Golden eagles are usually solitary or in pairs. However, young golden eagles may be found in groups. Adults may also group together in winter when the weather is very cold, or there is a lot of food available.
Golden eagles can carry up to 8 pounds while flying. They can fly up to 80 mph, and may reach 200 mph while diving. They fly with slow, powerful wingbeats. (Kochert, et al., 2002)
Golden eagle home range sizes vary with season and quality of habitat. During the breeding season, golden eagles in the western U.S. have home ranges from 20 to 33 square kilometers. Breeding pairs defend the boundaries of their home range with flight displays. (Kochert, et al., 2002)
Golden eagles are mostly silent, except during the breeding season. They use nine different calls to communicate. Most calls appear communicate about food. Golden eagles don't use vocalizations to mark their territory. Instead, they mark the edges of their territory by flying around them. (Kochert, et al., 2002)
Golden eagles mostly eat small mammals such as rabbits, hares, ground squirrels, prairie dogs, and marmots. They also eat some birds, reptiles and fish. Sometimes, golden eagles capture large prey, including seals (Phocoidea), ungulates, coyotes and badgers. They have also been known to capture large flying birds such as geese or cranes.
A pair of eagles will often hunt together. One chases the prey until it is exhausted, then the other swoops down to kill it. Golden eagles don’t usually store prey to eat later. (Kochert, et al., 2002)
Golden eagles have few predators. There is no record of predation of golden eagle eggs, and few records of adult or nestling predation. Wolverines and grizzly bears are the only recorded predators of golden eagle nestlings. (Kochert, et al., 2002)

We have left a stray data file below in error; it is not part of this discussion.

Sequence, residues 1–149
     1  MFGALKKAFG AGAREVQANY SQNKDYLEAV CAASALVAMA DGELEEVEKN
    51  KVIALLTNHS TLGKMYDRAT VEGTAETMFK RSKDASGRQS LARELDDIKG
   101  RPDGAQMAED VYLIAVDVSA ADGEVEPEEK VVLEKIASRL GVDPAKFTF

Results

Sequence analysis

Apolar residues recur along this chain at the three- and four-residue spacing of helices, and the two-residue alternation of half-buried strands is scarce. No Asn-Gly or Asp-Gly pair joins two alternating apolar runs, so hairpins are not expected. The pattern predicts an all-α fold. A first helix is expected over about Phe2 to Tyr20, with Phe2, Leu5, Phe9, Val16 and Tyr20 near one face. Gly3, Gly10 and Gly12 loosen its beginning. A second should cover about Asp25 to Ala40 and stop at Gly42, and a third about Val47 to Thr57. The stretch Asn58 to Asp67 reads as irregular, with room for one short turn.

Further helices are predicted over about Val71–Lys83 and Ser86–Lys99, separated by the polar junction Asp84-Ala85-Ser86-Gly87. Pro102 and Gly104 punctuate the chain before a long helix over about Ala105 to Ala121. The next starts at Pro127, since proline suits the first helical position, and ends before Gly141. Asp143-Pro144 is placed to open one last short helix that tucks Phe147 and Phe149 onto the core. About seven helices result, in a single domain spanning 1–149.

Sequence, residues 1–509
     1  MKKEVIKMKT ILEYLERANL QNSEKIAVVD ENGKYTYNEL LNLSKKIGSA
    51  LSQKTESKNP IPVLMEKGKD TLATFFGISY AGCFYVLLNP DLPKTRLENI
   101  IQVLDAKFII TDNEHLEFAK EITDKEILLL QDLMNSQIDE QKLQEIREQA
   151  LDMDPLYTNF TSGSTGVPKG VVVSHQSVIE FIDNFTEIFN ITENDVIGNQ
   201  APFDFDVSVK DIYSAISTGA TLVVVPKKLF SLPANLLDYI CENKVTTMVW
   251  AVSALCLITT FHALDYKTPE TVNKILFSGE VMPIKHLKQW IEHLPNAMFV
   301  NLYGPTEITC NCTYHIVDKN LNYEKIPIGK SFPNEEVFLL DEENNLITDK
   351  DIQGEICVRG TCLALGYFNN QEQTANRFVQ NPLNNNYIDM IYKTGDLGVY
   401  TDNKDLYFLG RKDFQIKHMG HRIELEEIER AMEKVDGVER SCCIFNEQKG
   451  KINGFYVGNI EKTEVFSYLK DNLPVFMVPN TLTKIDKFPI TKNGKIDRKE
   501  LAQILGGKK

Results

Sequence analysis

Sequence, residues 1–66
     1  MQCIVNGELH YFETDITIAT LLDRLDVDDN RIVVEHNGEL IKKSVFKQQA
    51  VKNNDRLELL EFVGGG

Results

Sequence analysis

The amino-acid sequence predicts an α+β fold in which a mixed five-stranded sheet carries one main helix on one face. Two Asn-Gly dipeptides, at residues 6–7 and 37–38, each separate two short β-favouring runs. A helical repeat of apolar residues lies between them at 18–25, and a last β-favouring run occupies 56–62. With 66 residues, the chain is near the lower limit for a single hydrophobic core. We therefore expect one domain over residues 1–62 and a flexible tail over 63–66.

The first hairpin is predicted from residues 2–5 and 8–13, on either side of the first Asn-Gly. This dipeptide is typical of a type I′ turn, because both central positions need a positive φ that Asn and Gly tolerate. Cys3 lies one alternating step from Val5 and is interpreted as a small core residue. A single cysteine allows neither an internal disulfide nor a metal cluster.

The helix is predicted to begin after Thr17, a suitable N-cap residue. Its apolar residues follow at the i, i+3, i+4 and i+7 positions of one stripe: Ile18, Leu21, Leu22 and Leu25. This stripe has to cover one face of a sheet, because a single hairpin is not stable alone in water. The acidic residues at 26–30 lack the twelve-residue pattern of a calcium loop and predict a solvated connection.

Golden eagles impact the populations of the animals that they prey on. They may also compete with other species for prey and habitat, including bald eagles, coyotes, California condors, and white-tailed eagles. They also probably compete with other large birds for habitat. These other birds common ravens, gyrfalcons, peregrine falcons, rough-legged hawks and other species. (Kochert, et al., 2002)
Golden eagles occasionally kill livestock, costing ranchers money.
Some researchers suggest that golden eagles are beneficial to livestock production because they eat a large number of rabbits, which compete with livestock for forage.
The golden eagle is federally protected under the Bald Eagle Protection Act of 1962. In some parts, a decline of golden eagle populations has been recorded. Washington and Montana list it as a species of special concern; and Maine, New Hampshire and New York recognize it as an endangered species. But in other areas they are common and populations are presumably stable. (Tesky, 1994)
Previous to the Protection Act of 1962, some 20,000 golden eagles were killed, mostly from aircraft, because they were thought to prey on yound sheep and goats. But studies in towns where sheep are raised found no evidence to support such claims, as almost 70% of the eagle diet consisted of rabbits. Many golden eagles have been electrocuted in power lines, caught in steel traps set for coyotes and other animals, and poisoned by ranchers. Direct and indirect human-caused mortality, disturbance and elimination of prey by habitat alteration are the main factors limiting golden eagle populations. Recreational activites may also disturb breeding, migration and wintering activities. Golden eagles are likely to abandon nests during incubation if they are disturbed. (Terres, 1980; http://www.fs.fed.us/database/feis/animals/Bird)
Golden eagles are sometimes called the American War Bird or the Bird of Jupiter (Terres, 1980).
Kari Kirschbaum (author, editor), Animal Diversity Web.
Alicia Ivory (author), University of Michigan-Ann Arbor.
Reilly, E. The Audubon Illustrated Handbook of American Birds. McGraw-Hill Book Company, New York, 1968.
Terres, John. The Audubon Society Encyclopedia of North American Birds. Alfred A. Knoph, New York, 1980.
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Kochert, M., K. Steenhof, C. McIntyre, E. Craig. 2002. Golden Eagle (Aquila chrysaetos). Pp. 1-44 in A Poole, F Gill, eds. The Birds of North America, Vol. 684. Philadelphia: The Birds of North America.